Questions:

    Where is the Government Impact Assessment for a fee-ban?

    Will the “consultation” be a token pre-determined fig or an evidence based process?

    Will those campaigners whipping up hatred over “disgusting fees” be answerable to the JAMs and HBen tenants who will find themselves even further priced out of the market?

    Rents and homelessness are already on the rise people. Train crash coming…

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    1. hardly impartial

      a couple of reality checks for you to consider….the scot Gov stats on rents aren’t really yet embraced by the industry but moreover comparing what happened in england and scotland in a year is apples and oranges. Also, what were the figures for 2011?

      agreed that ultimately landlord viability is the issue and trying to identify the associate rises or falls in rent to a single factor requires sophisticated analysis which sadly is in all cases almost without exception simply lacking.

      parties latch on to whatever suits them and few really attempt to know whats really driving what.

       

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  2. Neilw

    Industry consultant and trainer Adam Walker says …… “A tenant fee of £360 will equate to a £30 per calendar month increase in the rent

    This is incorrect..if an Agent is to recover the £360 over six months and has a management fee of 10% the rent would require to go up £300/mth to get him his fee of £30

    “A third of respondents had started charging fees to landlords that tenants previously paid and 23% had increased management fees charged to landlords”

    Do these Agents not have contracts with their Landords…if so I would love to to know how they presented their case. If I went to my Landlords and said “not making as much profit this year so all my additional overheads and profits are going to be charged to you”. P*** O** would be the most likely reply.

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  3. HLFSCC87

    “We have had to improvise by generating other sources of income through in-house inventories, legionella risk assessments and PAT tests.”

    If this agency had the time, staff and resources to do this anyway, why weren’t they in the first place?

    It costs the agents time and money to train staff, possibly employ more staff to cover these extra income earners (because let’s face it, most of us are stretched anyway with the increasing legislations and red tape we have to adhere to) that the letting agent is then at a further loss …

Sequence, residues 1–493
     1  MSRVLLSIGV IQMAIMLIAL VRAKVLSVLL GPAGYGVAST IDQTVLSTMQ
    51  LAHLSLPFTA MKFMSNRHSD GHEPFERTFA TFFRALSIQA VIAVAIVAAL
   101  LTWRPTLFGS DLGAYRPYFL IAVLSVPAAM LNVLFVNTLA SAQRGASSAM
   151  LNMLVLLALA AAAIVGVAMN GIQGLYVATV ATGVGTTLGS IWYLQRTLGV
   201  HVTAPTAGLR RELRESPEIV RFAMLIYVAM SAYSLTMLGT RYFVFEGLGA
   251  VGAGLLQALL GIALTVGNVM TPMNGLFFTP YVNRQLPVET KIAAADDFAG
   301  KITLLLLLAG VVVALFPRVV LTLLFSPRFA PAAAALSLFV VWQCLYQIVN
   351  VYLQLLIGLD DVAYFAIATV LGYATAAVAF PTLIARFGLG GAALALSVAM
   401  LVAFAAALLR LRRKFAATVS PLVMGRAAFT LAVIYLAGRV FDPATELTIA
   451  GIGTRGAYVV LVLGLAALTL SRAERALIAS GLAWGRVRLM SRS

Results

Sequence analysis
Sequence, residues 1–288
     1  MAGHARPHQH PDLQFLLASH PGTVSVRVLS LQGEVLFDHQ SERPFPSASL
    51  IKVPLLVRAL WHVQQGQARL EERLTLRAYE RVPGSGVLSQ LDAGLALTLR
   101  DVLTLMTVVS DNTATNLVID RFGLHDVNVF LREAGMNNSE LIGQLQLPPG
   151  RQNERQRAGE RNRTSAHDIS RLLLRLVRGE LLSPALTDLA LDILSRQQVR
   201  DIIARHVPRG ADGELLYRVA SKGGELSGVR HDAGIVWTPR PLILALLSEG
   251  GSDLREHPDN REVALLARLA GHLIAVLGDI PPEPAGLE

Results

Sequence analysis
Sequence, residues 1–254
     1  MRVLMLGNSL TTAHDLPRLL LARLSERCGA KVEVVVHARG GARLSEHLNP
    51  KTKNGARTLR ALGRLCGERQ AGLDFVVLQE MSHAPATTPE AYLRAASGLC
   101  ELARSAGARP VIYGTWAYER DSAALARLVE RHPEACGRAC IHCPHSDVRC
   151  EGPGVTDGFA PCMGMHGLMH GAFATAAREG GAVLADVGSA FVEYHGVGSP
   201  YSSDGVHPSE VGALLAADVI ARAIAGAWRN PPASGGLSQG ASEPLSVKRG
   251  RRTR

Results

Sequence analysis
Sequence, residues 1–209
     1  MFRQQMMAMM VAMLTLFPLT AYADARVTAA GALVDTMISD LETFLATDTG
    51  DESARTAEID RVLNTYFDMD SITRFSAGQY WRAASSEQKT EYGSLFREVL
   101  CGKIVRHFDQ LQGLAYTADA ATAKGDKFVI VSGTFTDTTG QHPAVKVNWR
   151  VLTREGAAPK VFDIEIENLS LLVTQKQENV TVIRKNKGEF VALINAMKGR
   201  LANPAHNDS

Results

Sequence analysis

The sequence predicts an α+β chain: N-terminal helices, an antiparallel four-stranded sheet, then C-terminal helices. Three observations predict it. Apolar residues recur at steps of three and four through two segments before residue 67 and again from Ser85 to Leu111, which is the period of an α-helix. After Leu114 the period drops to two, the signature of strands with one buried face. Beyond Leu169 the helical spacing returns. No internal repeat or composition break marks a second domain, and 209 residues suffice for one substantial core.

The government is against us and Landlords it seems. Would tenants be better off living in council properties – where they have to pay for their own maintenance, carpets, décor … where the same legislations they impose on us for relevant safety checks don’t seem to apply …. SMH.

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  4. Alan

    It certainly does seem as though the government have letting agents and landlords in their sights. I’m not quite sure what the rationale is with ensuring tenants don’t have any costs at the outset of a lease. In a house sale the government seems quite happy that the purchaser has stamp duty, solicitor’s fees and in most cases mortgage costs while the seller has home report/survey costs, agent’s and solicitor’s fees.

    The costs to tenants and landlords have effectively gone down as tenancies are, on average, considerably longer than they were 10 years ago. (certainly here in Scotland anyway). This means less set up fees and void periods to landlords and less agents/referencing fees to tenants as they are moving less.

    For me its just another headline grabbing policy that looks as though the government are protecting a supposedly vulnerable group when in fact it will ultimately have a negative or neutral effect on that group Factor in the 3% extra stamp duty for new landlords, increased legislation and costs, combined with lack of supply and rents will only go one way.

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  5. Votta583

    In house inventories legionella and PAT testing will not generate nearly enough income.  Reed reins were dragged over the coals for informing their landlords need to pay for a risk assessment chargeable at £150 + VAT.

    PAT testing needs doing anyway as you have a criminal and civil liability to do it but again needs doing by someone trained to do so and can’t make too much money on top. Especially if so many agents are “gifting” appliances. They won’t listen to an agent that requests compliance.

    Inventories ideally need doing by a third party so it’s not deemed biased on behalf of the landlord otherwise. Software to do it as well is another cost.

    which backs up what HLFCC87  says above

    Banning of fees was a draconian decision FULL STOP.